Bluethumb Art Prize 2020: A Focus on Our Finalists

We have just over one week until our virtual awards ceremony for the Bluethumb Art Prize 2020, and it’s safe to say: this year’s prize is the best we’ve had yet. Between the star-studded, artist-led judging panel and more than 2,500 entries to choose from, we’ve been overwhelmed by the response and standard of work coming from Australia’s talented artists!

As we get closer to the virtual event of the year (for us, at least!), we’re taking a look at a few more of the 180 selected finalists and their incredible entries.

Erin Nicholls: A Finalist Fitting for 2020

The work of Erin Nicholls has continuously reflected a well-lived, insightful life. From learning the oil painting techniques of Old Masters in Florence, to travelling to the pockets of the earth, Erin’s experiences influence a body of work that resonates with anyone who has ever felt like an outsider, or appreciated that a time and place will never be repeated. As the Category Winner for Works on Paper in our Bluethumb Art Prize 2018, Erin is a hot favourite.

Erin quotes Blade Runner as a sonorous source to Self Portrait-19: “All those moments…lost in time, like tears in rain.”

“This drawing is based on a photo of me that was taken in 2019, in Tokyo,” Erin says on her entry, Self Portrait-19. “I decided to create a drawing of it because to me, it represents my life during the pandemic – enclosed in a protective bubble that is both a shield and a prison. So many moments have been lost this last year, birthdays, graduations, weddings… The rain on my umbrella washing away the life that could have been.”

Find more of Erin’s incredible drawings here.

Solomon Kammer: Art Reflecting Reality

Solomon Kammer with one of her portraits. Credit: Broadsheet Adelaide

Winner of the 2018 Bluethumb $3000 SALA Peoples Choice Artist Prize, and formerly known as Ellie, Solomon Kammer’s skill meets hard but vital emotions to be expressed. While she currently draws a focus on women’s health in her work, Solomon addresses the intricate nature of larger, systemic issues, through her brutal yet exquisite body of work. Feminism, gender equality, ableism and human rights are but a few of the themes she frequently explores.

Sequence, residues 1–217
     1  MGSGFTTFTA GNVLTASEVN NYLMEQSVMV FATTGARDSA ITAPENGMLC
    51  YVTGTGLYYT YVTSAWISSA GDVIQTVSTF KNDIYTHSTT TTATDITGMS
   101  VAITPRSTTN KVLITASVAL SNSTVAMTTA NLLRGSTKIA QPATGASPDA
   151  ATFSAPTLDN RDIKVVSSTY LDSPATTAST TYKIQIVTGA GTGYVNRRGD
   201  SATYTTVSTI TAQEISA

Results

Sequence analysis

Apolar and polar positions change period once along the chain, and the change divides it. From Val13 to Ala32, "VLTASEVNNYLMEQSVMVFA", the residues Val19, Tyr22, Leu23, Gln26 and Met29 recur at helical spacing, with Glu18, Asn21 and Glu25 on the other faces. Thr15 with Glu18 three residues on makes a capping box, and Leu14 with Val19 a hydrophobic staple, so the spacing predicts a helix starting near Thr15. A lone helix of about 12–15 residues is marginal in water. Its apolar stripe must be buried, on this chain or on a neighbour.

Cede shows an insight into the journey of testing and diagnosing a little-researched illness.

Solomon Kammer’s entry, Cede, discusses the submission, hesitation, discomfort and fear that comes with pursuing a diagnosis. Her own story heavily informs this discourse, as she notes the unspoken and often underplayed effect little-known illnesses can have on mental health. With experience of symptoms, pains and sensations that presented themselves throughout years of a diagnostic process, Solomon depicts the traumatic and intrusive nature of this time.

See more of her work here.

Amanda Krantz: Organic Psychedelia, Perspective and Power

3-time Bluethumb Art Prize finalist Amanda Krantz’s evolution as an artist spans from the beginning of the online art world (and internet) in 2000. From hustling her artworks on eBay to residencies worldwide, her creative journey has in turn evolved drastically over the past twenty years. With each series informing and influencing the growth and depth of the next, we can always rely on Amanda to keep us intrigued into her forthcoming work.

Neglected Garden Diptych by Amanda Krantz.

“This piece is an evolution of my previous bonsai and garden works, where I explore what could happen if the once manicured were left for nature to take over,” Amanda adds on her entry Neglected Garden Diptych. “I find man-made structures that have been reclaimed by nature so comforting… a reminder of natures’ power and our relative insignificance.”

Leaf through more of Amanda’s organic psychedelia here.

Matthew Quick: A Finalist Telling the Tales of Our Times

Matthew Quick at work.